If you had seen this same young Prodigal as he either moved from phase 2 to phase 3 or you learned of him after he had moved into phase 3 following his humiliation in phase 2, you might be tempted to think that this was the most loving son a father could ever have wished to have! Such devotion.
A person who goes through what our Prodigal Son went through learned the true meaning of love after he learned how arrogant he had been. He understood that actual love – not the feeling or emotion of what we call love, but love that is willing to die for another – was built on something extremely solid, immovable. In his case, he learned that his father’s love for him was built on sacrifice and an absolute willingness to forgive. It reminds us of Jesus’ words in Luke 7:47.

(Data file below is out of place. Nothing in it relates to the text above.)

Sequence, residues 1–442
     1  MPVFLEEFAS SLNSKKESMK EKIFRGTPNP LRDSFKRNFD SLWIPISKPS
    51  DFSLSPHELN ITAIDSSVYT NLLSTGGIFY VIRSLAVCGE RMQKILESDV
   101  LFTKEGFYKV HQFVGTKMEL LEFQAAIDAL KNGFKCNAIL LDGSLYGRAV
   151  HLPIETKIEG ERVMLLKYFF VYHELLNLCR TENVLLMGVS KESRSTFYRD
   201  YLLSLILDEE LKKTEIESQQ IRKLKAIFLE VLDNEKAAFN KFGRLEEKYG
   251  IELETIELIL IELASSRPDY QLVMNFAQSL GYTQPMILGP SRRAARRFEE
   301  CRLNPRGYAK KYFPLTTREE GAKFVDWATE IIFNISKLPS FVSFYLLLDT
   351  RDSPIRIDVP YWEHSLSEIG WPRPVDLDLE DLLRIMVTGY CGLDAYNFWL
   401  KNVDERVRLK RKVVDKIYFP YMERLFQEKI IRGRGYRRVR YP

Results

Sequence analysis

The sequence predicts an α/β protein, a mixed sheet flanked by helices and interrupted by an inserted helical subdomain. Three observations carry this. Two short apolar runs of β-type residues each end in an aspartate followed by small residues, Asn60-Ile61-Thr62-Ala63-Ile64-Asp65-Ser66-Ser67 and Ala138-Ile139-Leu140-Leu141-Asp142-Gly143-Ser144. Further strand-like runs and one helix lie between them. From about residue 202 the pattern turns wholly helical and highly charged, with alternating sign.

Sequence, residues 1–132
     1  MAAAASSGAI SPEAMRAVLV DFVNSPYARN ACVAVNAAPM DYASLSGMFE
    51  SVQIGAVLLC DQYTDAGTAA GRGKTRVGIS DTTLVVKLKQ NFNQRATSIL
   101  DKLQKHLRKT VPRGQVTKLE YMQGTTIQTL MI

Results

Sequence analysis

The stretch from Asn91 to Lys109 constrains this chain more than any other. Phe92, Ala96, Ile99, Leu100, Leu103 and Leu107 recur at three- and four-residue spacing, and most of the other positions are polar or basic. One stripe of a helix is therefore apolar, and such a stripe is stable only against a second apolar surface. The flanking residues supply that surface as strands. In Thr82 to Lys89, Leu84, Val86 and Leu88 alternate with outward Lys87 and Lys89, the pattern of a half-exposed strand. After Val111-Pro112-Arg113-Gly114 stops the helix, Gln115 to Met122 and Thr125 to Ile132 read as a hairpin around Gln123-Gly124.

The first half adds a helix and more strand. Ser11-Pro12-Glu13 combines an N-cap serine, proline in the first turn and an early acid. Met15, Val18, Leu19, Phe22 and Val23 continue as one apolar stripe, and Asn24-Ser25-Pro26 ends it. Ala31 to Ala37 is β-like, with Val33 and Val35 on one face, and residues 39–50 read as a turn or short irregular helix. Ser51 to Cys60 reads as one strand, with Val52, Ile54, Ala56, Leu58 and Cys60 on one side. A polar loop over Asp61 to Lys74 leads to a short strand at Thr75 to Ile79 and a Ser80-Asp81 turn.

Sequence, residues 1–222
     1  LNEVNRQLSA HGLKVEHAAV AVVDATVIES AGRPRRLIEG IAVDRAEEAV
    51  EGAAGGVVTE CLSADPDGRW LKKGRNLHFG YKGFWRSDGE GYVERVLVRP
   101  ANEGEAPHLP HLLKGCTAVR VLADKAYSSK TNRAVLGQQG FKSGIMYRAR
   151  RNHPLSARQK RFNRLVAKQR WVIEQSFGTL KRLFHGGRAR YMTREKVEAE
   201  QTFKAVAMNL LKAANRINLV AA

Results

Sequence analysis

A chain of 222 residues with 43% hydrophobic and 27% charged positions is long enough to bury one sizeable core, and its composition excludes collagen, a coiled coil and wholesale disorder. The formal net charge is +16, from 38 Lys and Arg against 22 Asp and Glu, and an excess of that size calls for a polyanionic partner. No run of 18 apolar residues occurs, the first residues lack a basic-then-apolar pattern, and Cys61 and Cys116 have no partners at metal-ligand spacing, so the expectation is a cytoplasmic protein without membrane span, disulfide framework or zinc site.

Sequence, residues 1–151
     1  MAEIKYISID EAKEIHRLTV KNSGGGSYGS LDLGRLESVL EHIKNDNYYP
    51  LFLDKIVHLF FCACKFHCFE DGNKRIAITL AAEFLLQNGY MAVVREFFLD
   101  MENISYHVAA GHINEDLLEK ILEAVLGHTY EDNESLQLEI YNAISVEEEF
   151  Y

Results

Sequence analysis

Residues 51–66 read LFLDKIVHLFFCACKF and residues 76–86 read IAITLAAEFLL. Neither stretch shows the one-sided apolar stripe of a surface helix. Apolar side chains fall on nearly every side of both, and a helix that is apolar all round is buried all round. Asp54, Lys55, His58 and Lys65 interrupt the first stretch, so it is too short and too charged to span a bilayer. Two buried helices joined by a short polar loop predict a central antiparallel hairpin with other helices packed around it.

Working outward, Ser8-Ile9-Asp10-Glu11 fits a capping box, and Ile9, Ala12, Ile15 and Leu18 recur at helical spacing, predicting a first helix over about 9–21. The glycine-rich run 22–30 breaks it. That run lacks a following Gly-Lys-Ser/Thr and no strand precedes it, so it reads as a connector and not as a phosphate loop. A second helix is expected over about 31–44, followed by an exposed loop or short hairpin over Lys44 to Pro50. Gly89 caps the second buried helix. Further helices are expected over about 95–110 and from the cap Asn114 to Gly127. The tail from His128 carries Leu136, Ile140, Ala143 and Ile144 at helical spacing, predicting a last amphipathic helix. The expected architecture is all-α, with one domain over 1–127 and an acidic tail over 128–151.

Therefore I tell you, her sins, which were many, are forgiven, thus she loved much; but the one who is forgiven little loves little.
The woman referenced in the above verse understood what it meant to be forgiven. She actually understood how sinful she had been and the volume of sin that God had forgiven.
Jesus is saying that those who truly understand how much they have been forgiven are truly able to love and love honestly (without judging) from the depths of their being. The rest of us? Not so much. We only think we know what love means but when push comes to shove, I bet you’re like me in thinking, “Lord, I’m so glad I have never murdered anyone or stole anything or (fill-in-the-blank)!” We tend to downplay our own failures, faults, and sins, as though God didn’t really have to forgive us all that much. But look. Here is love in response to sin.